The light is named for Christopher Crisp, one of its colorful keepers. There is a visitor center on the property, a small portion of which is a gift shop. The knowledgeable volunteers will share the history of the lighthouse. Restrooms are available. From the lighthouse property, you can access the rocky Lake Superior beach to search for agates.
Crisp Point Lighthouse. From Lighthouses of Michigan’s Upper Peninsula

Eagle Harbor Lighthouse and Light Station

Lighthouse Road near the swimming beach in Eagle Harbor

Built in 1851, Eagle Harbor Light stands at the rocky entrance to the harbor and remains a working lighthouse, guiding sailors across the northern edge of the Keweenaw Peninsula.

The original lighthouse was replaced in 1871. The octagonal brick light tower is ten feet in diameter. Its walls are a foot thick, and the tower supports a 10-sided cast iron lantern. Lighthouse duties were performed by a head keeper and two assistant keepers. The light has undergone several changes over the years and was automated in 1980. 

It is currently a museum filled with period furnishings, open to the public, and operated by the Keweenaw County Historical Society. Also located on the light station grounds are the Maritime Museum in the old fog signal building, the Keweenaw History Museum, the Commercial Fishing Museum, and an exhibit about the 1926 shipwreck of the City of Bangor.
Eagle Harbor Lighthouse and Light Station. From Lighthouses of Michigan’s Upper Peninsula

Sand Point Lighthouse

16 Water Plant Road, Escanaba

Located on the same property as the Delta County Historical Museum, this lighthouse was built in 1867 by the National Lighthouse Service. The light warned ships of the dangerous sand reef in the bay. The Sand Point Lighthouse served mariners from 1868 until 1939, except for a few months in 1886, when a suspicious fire damaged the building. The blaze took the life of keeper Mary Terry.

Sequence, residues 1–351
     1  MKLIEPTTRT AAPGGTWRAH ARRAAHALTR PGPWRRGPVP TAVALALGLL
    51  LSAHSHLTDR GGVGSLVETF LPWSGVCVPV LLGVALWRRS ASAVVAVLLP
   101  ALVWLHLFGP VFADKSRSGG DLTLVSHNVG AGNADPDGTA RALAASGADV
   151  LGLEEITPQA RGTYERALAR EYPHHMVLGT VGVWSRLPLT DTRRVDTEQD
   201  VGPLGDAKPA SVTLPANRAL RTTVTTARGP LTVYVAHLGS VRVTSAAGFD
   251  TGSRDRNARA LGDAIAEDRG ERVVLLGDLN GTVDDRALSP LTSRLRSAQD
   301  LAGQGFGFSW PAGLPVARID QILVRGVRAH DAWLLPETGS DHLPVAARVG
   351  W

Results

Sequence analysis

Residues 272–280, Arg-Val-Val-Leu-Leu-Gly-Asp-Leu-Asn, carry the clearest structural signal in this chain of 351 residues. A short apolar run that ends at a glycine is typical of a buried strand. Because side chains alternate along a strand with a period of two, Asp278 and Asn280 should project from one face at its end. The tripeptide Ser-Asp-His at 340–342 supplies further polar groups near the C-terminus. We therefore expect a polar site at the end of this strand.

The Sand Point Lighthouse was deactivated in 1939. Nine keepers and their families had lived in the lighthouse and kept the light shining out over Little Bay De Noc during the light’s 71 years of active service. Following deactivation, the building was used by the Coast Guard as a residence for its servicemen. In 1985, the Coast Guard discontinued use of the building. Razing the structure was considered. The Delta County Historical Society stepped in to save one of the oldest and most historic buildings in the area.

A lease from the Coast Guard was negotiated, and research for restoration and fundraising began. The building was completely restored to its original design of the late 1860s, and is now open to the public along with the museum. It is listed on the National Register of Historic Places. 

This is one of many lighthouses with a ghost on the premises. Mary Terry was the first lighthouse keeper of the Sand Point Lighthouse. She performed her duties for 18 years, and was one of the first women lighthouse keepers on the Great Lakes. 

Mary’s husband, John, was appointed to the position of keeper while the lighthouse was under construction. He died of consumption before the light’s completion, and Mary was officially appointed to take his place. Childless and a widow, she lived alone in the lighthouse and kept the beacon shining during even the worst of winter storms. 

In March 1886, fire severely damaged the building and killed Mary. The blaze raised eyebrows in the community, where many people thought Mary had been murdered, robbed, and the lighthouse set on fire to cover the crime.

Speculation was supported by the south lighthouse door found open, the bolt of the door’s lock pushed forward as though the door had been forced open, and Mary’s body discovered in the oil room, rather than her bedroom, which is where she would have been expected to be at that time of night. Mary was a cautious and meticulous woman; one people couldn’t imagine carelessly causing a fire.

An article in the local paper quoted the coroner, “Mrs. Terry came to her death from causes and by means unknown.”